In the cyclical world of skateboarding, “small brands” roll in and out, usually driven by a pro’s career arc. Once your feet are wet in the industry, it’s almost a natural step to go independent and start your own thing. In 1991, a start-up brand was less sexy than the current landscape, but that didn’t deter industry veteran Jim Gray from deciding to disrupt and reinvent show a board company worked. Eschewing pro models entirely, Gray’s brand Acme focused on what were essentially logo boards, which would become commonplace in skating years later, and even worked with comic book companies on some early licensed collaborations, before it was even a term. Acme’s premium was placed on producing high quality products, top shelf, competitive riders, and even had the stones to fire shots—albeit to Acme’s determent—at the then-dominant World Industries.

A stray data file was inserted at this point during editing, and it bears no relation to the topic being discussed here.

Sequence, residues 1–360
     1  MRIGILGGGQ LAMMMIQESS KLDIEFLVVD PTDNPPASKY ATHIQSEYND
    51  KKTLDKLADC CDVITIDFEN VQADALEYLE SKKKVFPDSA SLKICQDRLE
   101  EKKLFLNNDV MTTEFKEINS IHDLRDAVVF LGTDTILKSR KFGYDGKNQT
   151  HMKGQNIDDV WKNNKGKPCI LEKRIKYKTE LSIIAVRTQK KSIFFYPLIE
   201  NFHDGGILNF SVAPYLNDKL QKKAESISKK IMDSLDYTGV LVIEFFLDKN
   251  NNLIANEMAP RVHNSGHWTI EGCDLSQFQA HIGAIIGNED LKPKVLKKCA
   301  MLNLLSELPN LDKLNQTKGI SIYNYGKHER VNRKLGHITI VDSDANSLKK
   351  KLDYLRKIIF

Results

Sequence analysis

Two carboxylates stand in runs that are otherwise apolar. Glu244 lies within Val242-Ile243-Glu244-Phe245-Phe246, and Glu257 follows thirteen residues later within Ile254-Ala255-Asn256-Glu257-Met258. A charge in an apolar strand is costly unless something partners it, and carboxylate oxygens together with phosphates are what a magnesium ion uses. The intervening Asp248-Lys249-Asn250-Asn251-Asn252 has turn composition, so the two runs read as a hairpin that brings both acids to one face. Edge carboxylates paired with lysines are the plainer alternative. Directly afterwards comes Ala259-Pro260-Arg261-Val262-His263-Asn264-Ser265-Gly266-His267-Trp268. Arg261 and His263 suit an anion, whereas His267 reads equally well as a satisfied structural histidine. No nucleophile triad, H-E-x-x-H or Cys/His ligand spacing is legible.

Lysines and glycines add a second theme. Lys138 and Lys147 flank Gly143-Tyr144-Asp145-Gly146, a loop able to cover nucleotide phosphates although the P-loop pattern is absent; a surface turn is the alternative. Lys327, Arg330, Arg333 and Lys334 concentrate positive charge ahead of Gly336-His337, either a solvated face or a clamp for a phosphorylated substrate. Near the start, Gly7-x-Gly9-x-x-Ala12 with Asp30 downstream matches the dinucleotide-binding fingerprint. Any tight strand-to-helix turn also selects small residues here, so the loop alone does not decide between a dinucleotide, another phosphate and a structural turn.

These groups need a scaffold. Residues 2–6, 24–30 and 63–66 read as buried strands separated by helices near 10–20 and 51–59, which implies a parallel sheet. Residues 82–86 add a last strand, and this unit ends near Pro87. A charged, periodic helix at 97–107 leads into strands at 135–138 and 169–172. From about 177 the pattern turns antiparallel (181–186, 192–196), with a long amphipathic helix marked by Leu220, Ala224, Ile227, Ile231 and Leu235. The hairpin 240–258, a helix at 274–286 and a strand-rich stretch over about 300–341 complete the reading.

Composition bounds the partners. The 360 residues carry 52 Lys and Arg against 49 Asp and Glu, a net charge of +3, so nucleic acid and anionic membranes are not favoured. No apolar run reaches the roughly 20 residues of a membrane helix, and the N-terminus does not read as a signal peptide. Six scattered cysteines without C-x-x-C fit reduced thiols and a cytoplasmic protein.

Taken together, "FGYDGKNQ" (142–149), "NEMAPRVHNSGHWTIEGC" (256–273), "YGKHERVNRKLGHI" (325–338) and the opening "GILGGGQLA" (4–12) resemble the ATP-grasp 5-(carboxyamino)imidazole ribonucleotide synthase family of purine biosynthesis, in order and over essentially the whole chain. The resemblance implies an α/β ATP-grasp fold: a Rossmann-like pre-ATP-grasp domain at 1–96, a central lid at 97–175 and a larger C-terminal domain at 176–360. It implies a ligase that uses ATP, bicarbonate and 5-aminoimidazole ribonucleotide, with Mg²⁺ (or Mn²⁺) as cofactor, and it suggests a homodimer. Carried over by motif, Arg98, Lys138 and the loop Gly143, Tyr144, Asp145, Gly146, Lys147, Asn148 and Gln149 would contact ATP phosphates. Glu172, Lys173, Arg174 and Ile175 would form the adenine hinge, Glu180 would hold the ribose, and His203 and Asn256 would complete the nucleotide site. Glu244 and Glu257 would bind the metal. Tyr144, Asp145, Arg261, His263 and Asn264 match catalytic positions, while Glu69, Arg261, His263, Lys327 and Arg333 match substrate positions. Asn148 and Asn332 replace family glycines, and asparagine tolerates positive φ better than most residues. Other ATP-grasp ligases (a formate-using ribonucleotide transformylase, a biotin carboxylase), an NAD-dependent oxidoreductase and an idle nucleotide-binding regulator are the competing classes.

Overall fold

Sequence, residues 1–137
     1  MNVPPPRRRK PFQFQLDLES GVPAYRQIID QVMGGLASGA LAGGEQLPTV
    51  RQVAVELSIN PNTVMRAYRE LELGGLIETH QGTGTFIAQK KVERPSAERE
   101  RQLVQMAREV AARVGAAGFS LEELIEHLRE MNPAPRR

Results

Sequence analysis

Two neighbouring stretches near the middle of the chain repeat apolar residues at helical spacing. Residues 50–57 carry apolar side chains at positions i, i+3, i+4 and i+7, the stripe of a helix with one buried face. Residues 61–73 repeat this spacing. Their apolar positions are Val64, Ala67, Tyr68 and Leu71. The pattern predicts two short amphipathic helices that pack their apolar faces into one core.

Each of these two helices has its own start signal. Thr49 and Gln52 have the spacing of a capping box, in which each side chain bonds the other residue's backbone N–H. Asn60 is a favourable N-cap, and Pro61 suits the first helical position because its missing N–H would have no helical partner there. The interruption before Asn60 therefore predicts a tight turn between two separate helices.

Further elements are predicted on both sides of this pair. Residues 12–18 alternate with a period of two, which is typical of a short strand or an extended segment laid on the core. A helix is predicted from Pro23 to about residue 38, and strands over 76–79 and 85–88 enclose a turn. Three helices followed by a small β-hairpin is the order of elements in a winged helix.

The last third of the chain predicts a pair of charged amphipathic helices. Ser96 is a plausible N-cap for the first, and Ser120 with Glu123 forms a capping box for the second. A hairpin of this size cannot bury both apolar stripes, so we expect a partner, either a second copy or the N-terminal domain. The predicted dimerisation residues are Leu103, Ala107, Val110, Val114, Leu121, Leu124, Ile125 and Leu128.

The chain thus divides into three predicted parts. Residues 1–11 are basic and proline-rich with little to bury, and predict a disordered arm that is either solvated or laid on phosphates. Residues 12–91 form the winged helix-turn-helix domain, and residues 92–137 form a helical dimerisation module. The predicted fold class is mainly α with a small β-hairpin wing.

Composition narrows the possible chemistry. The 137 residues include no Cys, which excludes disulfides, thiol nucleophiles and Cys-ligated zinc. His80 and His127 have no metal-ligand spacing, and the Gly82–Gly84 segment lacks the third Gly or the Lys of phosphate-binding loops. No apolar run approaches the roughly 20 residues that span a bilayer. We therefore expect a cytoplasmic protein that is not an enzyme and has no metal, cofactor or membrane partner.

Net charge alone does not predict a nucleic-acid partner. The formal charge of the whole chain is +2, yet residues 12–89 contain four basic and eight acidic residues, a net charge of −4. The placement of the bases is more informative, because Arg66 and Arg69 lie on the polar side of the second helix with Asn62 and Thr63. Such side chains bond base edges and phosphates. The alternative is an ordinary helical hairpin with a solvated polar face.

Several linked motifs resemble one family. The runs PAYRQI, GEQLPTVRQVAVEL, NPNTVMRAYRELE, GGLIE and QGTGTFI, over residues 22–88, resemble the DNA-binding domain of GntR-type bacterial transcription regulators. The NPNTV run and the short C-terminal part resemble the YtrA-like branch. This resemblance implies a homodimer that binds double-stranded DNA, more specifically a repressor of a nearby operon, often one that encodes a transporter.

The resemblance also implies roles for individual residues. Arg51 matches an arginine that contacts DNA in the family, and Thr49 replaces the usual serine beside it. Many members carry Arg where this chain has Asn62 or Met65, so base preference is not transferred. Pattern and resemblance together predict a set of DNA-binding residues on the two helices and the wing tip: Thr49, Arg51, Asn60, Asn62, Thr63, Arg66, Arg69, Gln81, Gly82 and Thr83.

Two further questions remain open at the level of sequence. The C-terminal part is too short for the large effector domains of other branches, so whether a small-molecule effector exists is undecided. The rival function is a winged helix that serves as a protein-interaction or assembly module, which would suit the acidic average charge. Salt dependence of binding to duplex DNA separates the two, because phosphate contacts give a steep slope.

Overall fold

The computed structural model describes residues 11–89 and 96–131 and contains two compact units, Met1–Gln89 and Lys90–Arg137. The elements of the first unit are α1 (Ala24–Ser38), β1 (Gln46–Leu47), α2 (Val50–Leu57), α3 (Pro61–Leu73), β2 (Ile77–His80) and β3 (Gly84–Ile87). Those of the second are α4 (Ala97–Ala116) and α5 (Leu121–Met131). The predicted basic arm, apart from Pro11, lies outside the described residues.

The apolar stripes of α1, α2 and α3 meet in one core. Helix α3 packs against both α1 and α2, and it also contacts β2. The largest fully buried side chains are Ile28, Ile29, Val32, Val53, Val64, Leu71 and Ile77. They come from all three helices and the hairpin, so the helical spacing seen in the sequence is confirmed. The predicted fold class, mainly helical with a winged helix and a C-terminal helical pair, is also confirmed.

Though Acme’s run wasn’t sustainable, sighting ’91-’98 as the brand’s most successful years, the example of his brand was paramount for outliers. By creating his own lane, Acme inspired others who sought to pursue their own ideas of what a skate company could be.
Check our video interview with Jim Gray for some brand history and inspiration, and check out our The Hundreds X Acme Skateboards and The Hundreds X Blockhead Skateboards collaboration here.